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  • The Greats Awards 2016 Winners and Finalists

    The Greats Awards 2016

    Congratulations to all of the finalists and winners of the Greats Awards 2016 for Gift Retailers. It's a wonderful thing to be nominated for awards. We hope that you enjoyed the day and would like to thank all of you who stock our cards. We consider ourselves very privileged to be serving such a fine host of loyal retailers.

    The Greats Awards 2016 Winners are:

    The Honourary Achievement Award went to Andrew Illingworth from Widdop & Co.

    Marina McManus, shop manager, Liquorice Tree, Edinburgh Airport is Retail Employee of the Year

    Finalists
    Lynsey Bolton. department manager, Cliftons, Lytham
    Shelly Frost, sales assistant, The Country House Gift Co
    Leah Grimes, sales assistant, Hallmark Celebrate, Chigwell
    Georgia Perkin, assistant manager, The Inside Man, London

    MAP Gift Shop, Archway won Independent Gift Retailer of the Year - London (inside M25):

    FinalistsThe Greats Awards 2016 - Map Gift Shop
    All Good Gifts, Battersea
    In Spitalfields, Spitalfields
    Rumbles, Ealing
    SMUG, Islington
    The Indigo Tree, Streatham

    MiMi, Hartley Witney won for Home Counties, South and S East

    Finalists
    One Forty, Cranleigh
    Box of Delights, Flitwick
    Dragonfly, Cheam
    Pussy Home Boutique, Brighton
    Something Special, Edenbridge

    Hyde + Seek, Exeter won Independent Gift Retailer of the Year - South West

    Finalists
    Bentleys, Stourpourt on Severn
    The Cedars, Bourton on Water
    The Country House Gift Co, Winscombe
    The Emporium, Devizes
    Just Delights, Penryn

    Feathering Your Nest, Rayleigh won Independent Gift Retailer of the Year - East Anglia

    FinalistsThe Greats Awards 2016 - Marmalade Meringue
    Gifted, Norwich and Cambridge
    Horizon Gifts, Hunstanton
    Osokozi Gallery, Holt
    Quest Gifts, Holt
    The Java Store, Norwich

    Set Design, Leicester won Independent  - Midlands and Wales

    Finalists
    Hamptons, Penarth
    Marmalade Meringue, Hinckley
    Narborough Hall, Narborough
    Selections, Port Talbort
    Skinny Whistle, Quorn

    The Bottom Drawer, Portadown won Independent  - North and Northern Ireland
    Finalists
    Libby's Chesterfield
    Oklahoma, Manchester
    Peppermint Pig, Clekheaton
    Saffrons of York and Little Saffrons, York
    The Imaginarium, York

    Maia Gifts, Glasgow won Independent Gift Retailer of the Year - Scotland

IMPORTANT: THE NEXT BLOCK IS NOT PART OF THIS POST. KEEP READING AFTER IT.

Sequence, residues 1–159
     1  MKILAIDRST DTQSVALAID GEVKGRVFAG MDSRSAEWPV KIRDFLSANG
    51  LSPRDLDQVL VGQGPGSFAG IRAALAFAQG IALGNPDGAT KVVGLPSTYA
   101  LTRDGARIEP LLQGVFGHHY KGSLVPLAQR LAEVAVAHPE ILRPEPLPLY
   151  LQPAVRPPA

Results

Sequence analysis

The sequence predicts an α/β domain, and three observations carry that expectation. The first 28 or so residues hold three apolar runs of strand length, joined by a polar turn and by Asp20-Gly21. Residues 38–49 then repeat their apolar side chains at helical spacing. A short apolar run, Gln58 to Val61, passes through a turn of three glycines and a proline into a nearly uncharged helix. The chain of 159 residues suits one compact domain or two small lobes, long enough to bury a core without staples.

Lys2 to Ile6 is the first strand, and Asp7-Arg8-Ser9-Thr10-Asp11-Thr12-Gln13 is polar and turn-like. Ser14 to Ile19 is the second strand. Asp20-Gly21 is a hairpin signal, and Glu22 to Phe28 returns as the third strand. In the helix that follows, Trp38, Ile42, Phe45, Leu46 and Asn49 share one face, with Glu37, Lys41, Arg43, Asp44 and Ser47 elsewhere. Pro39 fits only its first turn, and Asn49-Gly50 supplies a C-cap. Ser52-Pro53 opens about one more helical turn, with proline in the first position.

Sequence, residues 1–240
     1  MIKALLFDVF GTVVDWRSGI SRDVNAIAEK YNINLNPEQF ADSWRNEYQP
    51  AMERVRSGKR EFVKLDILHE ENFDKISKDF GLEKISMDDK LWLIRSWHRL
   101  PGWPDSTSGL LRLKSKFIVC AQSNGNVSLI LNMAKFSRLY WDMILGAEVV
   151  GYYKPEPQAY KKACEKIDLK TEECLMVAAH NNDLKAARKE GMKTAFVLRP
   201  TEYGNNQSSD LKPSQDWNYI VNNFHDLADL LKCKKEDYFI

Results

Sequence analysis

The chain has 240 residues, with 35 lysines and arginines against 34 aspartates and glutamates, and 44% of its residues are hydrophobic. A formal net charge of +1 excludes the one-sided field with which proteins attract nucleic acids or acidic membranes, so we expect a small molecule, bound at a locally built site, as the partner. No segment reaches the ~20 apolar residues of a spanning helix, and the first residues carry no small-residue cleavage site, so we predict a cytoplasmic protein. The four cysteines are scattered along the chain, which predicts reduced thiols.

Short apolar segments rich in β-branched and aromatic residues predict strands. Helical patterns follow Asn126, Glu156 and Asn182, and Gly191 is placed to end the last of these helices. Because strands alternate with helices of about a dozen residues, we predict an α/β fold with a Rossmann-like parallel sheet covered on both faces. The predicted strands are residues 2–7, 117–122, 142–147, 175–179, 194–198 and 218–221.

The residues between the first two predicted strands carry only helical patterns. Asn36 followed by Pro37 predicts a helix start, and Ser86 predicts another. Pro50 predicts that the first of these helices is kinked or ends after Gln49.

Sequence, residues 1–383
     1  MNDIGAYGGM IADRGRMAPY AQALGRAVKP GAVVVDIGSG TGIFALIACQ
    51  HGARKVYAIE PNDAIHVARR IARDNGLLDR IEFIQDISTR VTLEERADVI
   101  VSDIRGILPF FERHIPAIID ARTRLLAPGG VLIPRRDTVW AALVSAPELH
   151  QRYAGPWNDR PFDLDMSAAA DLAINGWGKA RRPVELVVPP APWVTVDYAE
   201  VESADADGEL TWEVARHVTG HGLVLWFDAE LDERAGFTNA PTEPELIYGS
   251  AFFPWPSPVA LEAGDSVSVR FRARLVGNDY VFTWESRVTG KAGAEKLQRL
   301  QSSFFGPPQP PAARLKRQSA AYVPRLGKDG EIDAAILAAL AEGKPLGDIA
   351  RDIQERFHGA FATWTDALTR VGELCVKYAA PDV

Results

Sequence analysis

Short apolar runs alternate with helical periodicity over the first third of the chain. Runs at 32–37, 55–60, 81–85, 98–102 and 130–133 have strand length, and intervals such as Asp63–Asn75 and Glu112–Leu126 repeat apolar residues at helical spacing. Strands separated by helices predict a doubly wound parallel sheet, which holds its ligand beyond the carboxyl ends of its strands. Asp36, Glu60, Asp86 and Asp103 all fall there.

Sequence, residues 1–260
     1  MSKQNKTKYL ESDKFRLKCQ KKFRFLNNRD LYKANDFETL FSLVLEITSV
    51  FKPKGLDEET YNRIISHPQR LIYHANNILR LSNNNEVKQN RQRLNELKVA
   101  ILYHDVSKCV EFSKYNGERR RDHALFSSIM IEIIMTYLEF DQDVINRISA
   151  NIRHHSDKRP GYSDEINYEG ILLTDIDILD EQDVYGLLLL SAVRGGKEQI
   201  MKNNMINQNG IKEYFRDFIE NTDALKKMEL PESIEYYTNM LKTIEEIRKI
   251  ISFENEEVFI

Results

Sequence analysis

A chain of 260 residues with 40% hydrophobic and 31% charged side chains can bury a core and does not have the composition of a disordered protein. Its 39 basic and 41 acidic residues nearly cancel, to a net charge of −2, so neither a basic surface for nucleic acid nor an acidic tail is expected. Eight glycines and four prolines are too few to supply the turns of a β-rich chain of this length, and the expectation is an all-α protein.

FinalistsThe Greats Awards 2016 - Love Aroma Store
    Bijou, Elgin
    Cloudberry, Edinburgh
    Liquorice Tree, Edinburgh and Glasgow
    Papyrus, Glasgow
    Spirito, Glasgow

    We Built This City, London won Best Gift Retailer - Newcomer South and Wales

    Finalists
    All About Rose, Great Missenden
    Bibi's Home, Weymouth
    Coast & Country Interiors, Bude
    Panache, Yeovil, Taunton and Lyme Regis
    The Bump Company, Southampton

    Lily Blue Gifts, Hagley won Best Gift Retailer - Newcomer North, Midlands and Scotland

    FinalistsThe Greats Award 2016 - Lily Blue
    Embrace, Strathpeffer
    Penny and Black, Lundin Links
    Quirky Coo, Dundee
    Saffrons of Northallerton
    Serendipity House, Kirkham

    Love Aroma won Best Specialist Multiple Gift Retailer

    Finalists
    Between the Lines (12 stores)
    Menkind (40+ stores)
    Sass & Belle (5 stores)
    Time & Tide (6 stores)
    Utility (4 stores)

    Debenhams, Oxford Street won Best Department Store Retailer of Gifts

    Finalists
    Barretts of St Neots
    Bengalis of Kingston
    Fenwick of Brent Cross
    John Lewis
    Jarrolds, Norwich

    Robert & Ruby, Helmsley won Best Non Specialist Retailer of Gifts

    FinalistsThe Greats Awards 2016 - Robert and Ruby
    The Bristol Guild of Applied Arts, Bath
    Brodie Countryfare, Brodie by Forres
    Paperchase
    Potters of Hockley
    Zing Furniture, Willington

    Time & Tide won Best Gifts Lifestyle and Homewares (interiors)

    Finalists
    About Living (3 stores)
    Oliver Bonas (multiple)
    Orange Tree, Topsham
    The Old School Beauly, Beauly
    Love Thy Interiors, Thirsk

    The Herbary, Troon won Best Gift Retailer of Jewellery

    Finalists
    Celtic Company, Welshpool
    Harvey Willis, Glenrothes
    Macmillan of Penwortham
    Ruby Red, Milngavie
    Stacks, Wirral

    New Hopetoun Garden Centre, Broxburn won Best Garden Centre Retailer of Gifts
    Finalists
    Manchester Garden Centre, Durham
    Thetford Garden Centre, Thetford
    Whitehall Garden Centre, Lacock
    Van Hage, Ampel
    Redfields Garden Centre, Crookham

    Imperial War Museum Gift Shop, London won Best Visitor Attraction Gift Shop

    Finalists
    Chester Zoo, Islands Gift Shop
    Longleat Safari Park, Longleat
    Science Museum Gift Shop, London
    St Michael's Mount, Marazian
    Waddesdon Manor Gift Shop, Aylesbury

    Retro36, Scarborough won Best Retail DisplayThe Greats Awards 2016 - Retro36

    Finalists
    The Bottom Drawer, Portadown
    Gardenarium, East Molesley
    MAP Gift Shop, London
    Olive Tree, Wolverhampton
    Orange Tree, Topsham